I can still see him stop on a busy city street corner to talk with a panhandling veteran who had lost both legs to a land mine in World War II. He slipped the man $100, and then as we walked away, wiped tears from his eyes and told me:
“Telly, don’t ever forget that others who can’t do for themselves have often given more than you’ll ever know.”
Still, my father was a tortured man who fell victim to the wars of his youth. Once out of combat and healed in body, his spirit fought demons the rest of his life.
A child can’t fathom such trauma from a parent — call it PTSD or whatever you will. But at times being witness to it was unavoidable.
Once, when I was 9 or 10, my oldest teenage sister drew Dad’s ire with some stubborn backtalk full of sass and venom. The shouting match percolated to an explosion. Then the start of a beat down drew an immediate intervention from my mother and other sister, who forced Dad out of the room and into the hallway, slamming the door behind him.
There, I stood quietly in the shadows and watched him stumble into his bedroom. Petrified yet curious, I made my way to the door. Dad was sitting on the bed’s edge with his left hand in a vice grip around his trembling right wrist, as if trying to hold himself back from doing any more harm.
He sobbed like a toddler in distress, helpless even to grasp the depth of what ravaged him within. And that image of Dad broken down has never left me.
Today, although a father and a veteran myself, I still lament what was taken away from our family: Dad lived a double edged existence, depriving himself of joy at times when there was no reason for anything but.
Time, of course, is a great equalizer, and the next generation can always do better.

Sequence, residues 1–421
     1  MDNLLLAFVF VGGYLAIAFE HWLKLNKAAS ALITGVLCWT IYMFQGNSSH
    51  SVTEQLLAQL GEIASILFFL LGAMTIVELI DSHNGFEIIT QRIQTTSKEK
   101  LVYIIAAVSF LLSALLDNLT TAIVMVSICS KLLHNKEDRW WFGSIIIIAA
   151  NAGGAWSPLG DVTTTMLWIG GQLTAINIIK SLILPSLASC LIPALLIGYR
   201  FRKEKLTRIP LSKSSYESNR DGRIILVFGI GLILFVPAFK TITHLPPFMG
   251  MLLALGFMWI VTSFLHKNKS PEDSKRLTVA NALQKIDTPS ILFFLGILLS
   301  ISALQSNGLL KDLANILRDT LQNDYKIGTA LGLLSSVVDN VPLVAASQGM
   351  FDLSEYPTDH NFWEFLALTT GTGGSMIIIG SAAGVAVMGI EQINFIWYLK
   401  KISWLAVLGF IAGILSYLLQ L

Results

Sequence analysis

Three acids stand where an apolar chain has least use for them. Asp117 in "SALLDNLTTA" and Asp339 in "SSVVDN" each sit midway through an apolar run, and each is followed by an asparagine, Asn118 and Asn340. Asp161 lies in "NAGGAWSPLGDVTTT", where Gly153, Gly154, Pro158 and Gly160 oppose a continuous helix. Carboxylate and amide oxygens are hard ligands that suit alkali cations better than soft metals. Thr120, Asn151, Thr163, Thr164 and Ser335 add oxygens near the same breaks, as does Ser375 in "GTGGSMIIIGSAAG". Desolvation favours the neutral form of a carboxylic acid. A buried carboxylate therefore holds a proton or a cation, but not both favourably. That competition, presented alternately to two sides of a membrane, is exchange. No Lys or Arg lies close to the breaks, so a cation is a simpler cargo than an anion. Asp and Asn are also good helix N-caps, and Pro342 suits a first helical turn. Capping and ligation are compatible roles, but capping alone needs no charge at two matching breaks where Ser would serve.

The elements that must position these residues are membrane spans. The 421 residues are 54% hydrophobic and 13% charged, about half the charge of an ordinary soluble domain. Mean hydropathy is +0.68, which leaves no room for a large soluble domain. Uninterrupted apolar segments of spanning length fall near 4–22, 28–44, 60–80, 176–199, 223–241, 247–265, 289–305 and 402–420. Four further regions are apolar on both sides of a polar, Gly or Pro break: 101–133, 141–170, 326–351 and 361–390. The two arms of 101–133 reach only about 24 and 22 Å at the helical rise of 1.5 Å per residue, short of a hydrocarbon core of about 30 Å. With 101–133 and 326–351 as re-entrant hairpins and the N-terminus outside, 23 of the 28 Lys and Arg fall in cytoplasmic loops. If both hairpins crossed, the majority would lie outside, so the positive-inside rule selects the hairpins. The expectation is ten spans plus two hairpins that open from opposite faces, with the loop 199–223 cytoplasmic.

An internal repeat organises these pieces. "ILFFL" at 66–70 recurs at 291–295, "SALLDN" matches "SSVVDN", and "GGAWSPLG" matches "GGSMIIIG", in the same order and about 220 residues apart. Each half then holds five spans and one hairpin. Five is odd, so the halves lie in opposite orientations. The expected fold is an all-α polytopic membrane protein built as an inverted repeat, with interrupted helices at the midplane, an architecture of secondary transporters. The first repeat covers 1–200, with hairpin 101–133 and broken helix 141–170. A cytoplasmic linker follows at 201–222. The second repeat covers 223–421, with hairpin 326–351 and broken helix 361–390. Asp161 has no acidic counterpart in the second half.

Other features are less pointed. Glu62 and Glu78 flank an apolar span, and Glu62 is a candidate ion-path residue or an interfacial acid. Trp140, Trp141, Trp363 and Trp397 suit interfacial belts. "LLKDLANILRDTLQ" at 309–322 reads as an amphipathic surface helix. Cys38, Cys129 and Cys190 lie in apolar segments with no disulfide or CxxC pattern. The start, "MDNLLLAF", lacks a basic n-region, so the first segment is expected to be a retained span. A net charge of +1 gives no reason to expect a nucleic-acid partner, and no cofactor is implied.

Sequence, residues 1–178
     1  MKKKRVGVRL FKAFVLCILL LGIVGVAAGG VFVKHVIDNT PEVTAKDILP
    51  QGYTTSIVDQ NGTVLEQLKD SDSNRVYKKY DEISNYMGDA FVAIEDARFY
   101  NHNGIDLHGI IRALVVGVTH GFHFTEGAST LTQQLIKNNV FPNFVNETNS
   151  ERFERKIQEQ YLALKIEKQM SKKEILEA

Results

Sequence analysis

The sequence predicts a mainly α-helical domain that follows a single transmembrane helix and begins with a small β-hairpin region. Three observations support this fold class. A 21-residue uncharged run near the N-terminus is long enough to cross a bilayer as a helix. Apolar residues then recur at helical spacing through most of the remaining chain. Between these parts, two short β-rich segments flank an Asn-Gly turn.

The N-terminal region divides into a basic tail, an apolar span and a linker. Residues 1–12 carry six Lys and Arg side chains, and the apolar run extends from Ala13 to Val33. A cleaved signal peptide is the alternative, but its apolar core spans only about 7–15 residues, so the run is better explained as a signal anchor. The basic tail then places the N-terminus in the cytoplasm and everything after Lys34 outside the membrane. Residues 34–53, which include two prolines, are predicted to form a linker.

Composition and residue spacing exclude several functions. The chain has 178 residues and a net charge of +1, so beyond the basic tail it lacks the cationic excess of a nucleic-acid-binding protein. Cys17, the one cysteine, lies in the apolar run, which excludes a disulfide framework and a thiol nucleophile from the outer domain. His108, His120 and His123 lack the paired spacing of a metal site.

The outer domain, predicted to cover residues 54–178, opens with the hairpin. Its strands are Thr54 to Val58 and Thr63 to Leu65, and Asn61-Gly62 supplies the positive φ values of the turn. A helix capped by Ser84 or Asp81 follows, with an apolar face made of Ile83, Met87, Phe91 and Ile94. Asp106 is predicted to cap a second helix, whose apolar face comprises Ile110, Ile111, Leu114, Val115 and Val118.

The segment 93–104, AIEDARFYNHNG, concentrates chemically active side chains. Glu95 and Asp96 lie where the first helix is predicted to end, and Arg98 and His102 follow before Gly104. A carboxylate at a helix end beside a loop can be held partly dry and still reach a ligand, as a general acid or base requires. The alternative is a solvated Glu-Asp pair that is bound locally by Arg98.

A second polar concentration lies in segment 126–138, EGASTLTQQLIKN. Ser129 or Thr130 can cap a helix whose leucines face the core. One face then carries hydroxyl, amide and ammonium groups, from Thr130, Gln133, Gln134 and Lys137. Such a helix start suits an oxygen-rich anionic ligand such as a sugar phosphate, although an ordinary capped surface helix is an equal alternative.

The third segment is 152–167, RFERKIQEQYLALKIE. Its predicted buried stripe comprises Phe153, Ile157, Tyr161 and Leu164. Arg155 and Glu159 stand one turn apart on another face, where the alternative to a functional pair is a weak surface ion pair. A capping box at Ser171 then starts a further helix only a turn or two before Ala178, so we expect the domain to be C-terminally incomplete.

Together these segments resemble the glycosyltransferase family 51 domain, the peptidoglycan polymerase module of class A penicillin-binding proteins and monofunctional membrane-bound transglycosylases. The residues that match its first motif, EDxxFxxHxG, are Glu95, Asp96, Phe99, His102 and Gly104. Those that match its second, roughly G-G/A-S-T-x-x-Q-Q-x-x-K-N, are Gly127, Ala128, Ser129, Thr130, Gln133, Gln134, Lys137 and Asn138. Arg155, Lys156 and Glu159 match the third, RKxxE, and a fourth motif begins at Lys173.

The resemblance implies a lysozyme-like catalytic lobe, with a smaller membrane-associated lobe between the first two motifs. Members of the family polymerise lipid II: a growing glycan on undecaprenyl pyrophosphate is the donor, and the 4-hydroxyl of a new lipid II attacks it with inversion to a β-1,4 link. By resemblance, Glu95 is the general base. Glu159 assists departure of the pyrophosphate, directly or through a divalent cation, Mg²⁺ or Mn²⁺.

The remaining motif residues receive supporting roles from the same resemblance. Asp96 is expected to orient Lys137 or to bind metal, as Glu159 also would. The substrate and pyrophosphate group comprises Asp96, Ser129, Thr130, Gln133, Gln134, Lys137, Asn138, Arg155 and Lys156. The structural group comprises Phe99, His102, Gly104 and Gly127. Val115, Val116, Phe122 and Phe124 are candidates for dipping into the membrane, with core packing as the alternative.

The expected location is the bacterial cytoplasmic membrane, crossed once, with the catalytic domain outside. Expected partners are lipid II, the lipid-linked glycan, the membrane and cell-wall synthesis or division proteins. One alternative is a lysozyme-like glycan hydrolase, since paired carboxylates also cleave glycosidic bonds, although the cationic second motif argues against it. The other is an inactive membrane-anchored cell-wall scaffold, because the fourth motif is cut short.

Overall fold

My own son Jason is now an adult. As he was growing up, every night before turning in I would stop into his room. While he slept, I straightened out his blanket, ran my fingers through his hair, kissed him on the forehead, and told him I loved him.
Jason couldn’t hear me. If awake, he’d have been squirmy – my display incompatible with our usual father-son spats.
When I was a boy Dad would discipline me as he saw fit, then bumbled his way to make amends while I was still fuming.
It was only much later, when I was a father, that I recognized those instinctive paternal efforts to reconcile. So, whatever buttons of mine Jason’s swagger pushed, I still conducted that bedtime sacrament until he left home.
On this Father’s Day, my son is home for a visit, and I’m sure we’ll have a hug and a good laugh about something.
But more importantly, when I get a moment, it’ll be time to pull out the portfolio, as many years have passed since I sat alone with Dad’s pictures.
The evening of his death, now almost 20 years gone, remains one of the most peaceful moments of my life. I didn’t have to beat my head against a wall following yet another clash of lions.
Instead, after far too long, I finally surrendered to the tears — and loved my father for nothing more than trying his very best.
Telly Halkias is a national-award winning newspaper columnist.